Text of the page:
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Ransomware & Delete Volume Shadow Copies

Title  Common Threat Actors TTPs: Execute Ransomware and Delete Volume Shadow Copies 
Objective  Auto-Containment for Immediate Blocking 
Requirements 
  1. Windows 10 Lab Machine  
  1. Windows 2019 Server 
  1. A C2 platform running with .Net 
  1. Basic file encryption of Ransomware 
  1. Zscaler Active Defense 
  1. Fortinet Fortigate Firewall 
Scope 
  1. One victim’s windows machine (Joined Domain) 
  1. One attacker’s machine 
  1. One Windows 2019 Server – Domain Controller 
  1. Internal Segment Attack Simulation 
MITRE Techniques ID 
  1. Inhibit System Recovery – T1490 
  1. Data Encrypted for Impact – T1486 
  1. Command and Scripting Interpreter: Powershell – T1059.001 

Executive Summary 

Most ransomware threats normally will perform to delete volume shadow copies in order to prevent the recovery of a corrupted or encrypted system. This is to ensure that the victim would not be able to perform recovery from the built-in operating system data. 

Therefore, for this time around, we came out with a real simulation attack whereby the compromised machine is already backdoored with our C2 and the attacker were able to perform to encrypt the machine’s data with ransomware and will try to delete the volume shadow copies. 

The scenario assumptions: 

  1. The Windows 10 is already compromised with external C2 for many months and attacker keep on monitoring and waiting for the right time to execute ransomware. 
  1. Attacker were able to deploy a C2 through a watering hole attack and put the C2 malware into sleep for a month and reactivate it on a specific date. 
  1. Microsoft Defender was turned on and the attacker was able to perform AMSI bypass. 

The objective of this simulation is still the same as what is written in our previous blog, aim to contain compromised machine from communicating with another servers or end users internally. It is therefore, Zscaler Active Defense must be integrated with any security tools in place. In our case, we will be integrating Zscaler Active Defense with Fortinet Fortigate Firewall. Go to our previous blog, here for more info.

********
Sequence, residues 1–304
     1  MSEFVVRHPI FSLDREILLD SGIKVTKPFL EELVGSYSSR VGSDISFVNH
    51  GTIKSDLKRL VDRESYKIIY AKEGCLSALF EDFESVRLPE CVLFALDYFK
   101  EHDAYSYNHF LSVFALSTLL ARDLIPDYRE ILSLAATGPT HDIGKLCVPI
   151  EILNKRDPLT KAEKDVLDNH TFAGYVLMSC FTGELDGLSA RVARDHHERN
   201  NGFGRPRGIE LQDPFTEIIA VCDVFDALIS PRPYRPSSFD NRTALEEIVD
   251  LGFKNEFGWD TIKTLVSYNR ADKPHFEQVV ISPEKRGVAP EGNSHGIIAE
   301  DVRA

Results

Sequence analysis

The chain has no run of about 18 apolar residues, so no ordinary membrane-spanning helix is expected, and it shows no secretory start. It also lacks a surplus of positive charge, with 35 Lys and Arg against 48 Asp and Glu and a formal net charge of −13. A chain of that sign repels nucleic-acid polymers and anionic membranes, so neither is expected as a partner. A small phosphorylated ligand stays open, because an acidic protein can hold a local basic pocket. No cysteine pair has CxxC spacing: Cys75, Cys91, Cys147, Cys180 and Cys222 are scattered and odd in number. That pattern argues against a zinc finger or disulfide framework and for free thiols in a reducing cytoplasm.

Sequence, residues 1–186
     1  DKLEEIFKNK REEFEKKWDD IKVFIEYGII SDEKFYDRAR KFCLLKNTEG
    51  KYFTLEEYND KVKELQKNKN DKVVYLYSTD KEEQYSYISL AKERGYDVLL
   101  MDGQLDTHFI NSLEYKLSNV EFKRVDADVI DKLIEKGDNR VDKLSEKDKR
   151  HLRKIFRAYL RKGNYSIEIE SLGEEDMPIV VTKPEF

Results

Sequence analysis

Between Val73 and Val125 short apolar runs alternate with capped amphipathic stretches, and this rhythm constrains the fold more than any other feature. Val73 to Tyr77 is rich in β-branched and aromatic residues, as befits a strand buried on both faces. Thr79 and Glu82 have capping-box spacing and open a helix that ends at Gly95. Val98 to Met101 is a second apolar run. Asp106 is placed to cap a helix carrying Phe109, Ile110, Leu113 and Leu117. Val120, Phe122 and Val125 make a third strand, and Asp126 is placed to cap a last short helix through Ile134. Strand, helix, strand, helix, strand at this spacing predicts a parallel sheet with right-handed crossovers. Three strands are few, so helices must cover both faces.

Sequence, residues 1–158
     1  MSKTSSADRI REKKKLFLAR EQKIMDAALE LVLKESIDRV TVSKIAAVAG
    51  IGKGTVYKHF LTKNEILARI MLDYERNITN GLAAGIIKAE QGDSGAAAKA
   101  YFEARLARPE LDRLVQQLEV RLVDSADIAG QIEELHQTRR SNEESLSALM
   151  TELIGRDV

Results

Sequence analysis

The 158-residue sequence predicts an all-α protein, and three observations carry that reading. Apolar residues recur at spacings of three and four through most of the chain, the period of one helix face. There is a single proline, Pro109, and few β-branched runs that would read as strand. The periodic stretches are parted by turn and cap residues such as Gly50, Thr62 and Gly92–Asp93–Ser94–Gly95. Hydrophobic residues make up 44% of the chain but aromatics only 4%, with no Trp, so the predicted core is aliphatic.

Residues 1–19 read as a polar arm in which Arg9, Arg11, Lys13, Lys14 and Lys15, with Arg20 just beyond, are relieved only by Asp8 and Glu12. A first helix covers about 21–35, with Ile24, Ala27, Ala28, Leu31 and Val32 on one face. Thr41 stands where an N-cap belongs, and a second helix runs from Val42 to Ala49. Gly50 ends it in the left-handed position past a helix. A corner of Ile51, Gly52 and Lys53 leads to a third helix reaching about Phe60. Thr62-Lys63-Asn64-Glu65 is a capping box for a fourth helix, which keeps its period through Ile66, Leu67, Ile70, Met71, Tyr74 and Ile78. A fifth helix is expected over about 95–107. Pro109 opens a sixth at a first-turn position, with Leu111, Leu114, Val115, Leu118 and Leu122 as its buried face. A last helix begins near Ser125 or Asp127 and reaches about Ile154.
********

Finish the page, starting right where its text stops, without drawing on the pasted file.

Real Attacks Simulation 

Since the machine is already been compromised for months, the attacker was waiting for the right time to execute his ransomware on the victim’s machine. It is therefore, the attacker performed the following to drop his ransomware.exe. 

 Then, the ransomware.exe executed and encrypted all the files in the compromised machine. 

Encrypting all files as it supposed to. 

Finally, ransomware.exe were able to encrypt all files and by right, the machine would not be accessible again because the Zscaler Active Defense should be able to detect it and send the threat details to Fortinet Fortigate Firewall for a containment. We shall check from Zscaler Active Defense and Fortinet Fortigate Firewall. 

The compromised machine is no longer accessible. 

And from the Zscaler Active Defense, it was able to detect the malicious activity and from here, it will be sending the threat details to Fortinet Fortigate Firewall for containment purposes. 

Normally, the threat actor will perform to delete volume shadow copies right after encrypting the files with the ransomware. We tried to execute this and failed as it seems. 

And from Zscaler Active Defense, it was able to catch the activity. 

Conclusion 

From the activity we made so far, it is obviously that the Zscaler Active Defense were able to catch and trigger common adversary tactics and techniques and contained them within less than 1 minute. This is a good sign because as a Security Analyst or Security Specialist, a MTTR (Mean Time to Respond) and MTTD (Mean Time to Detect) are vital to ensure the efficiency and effectiveness of any security operations are on the highest gains which literally helping them by displaying Security Operation progress in order to prove the value of the security program to the board members.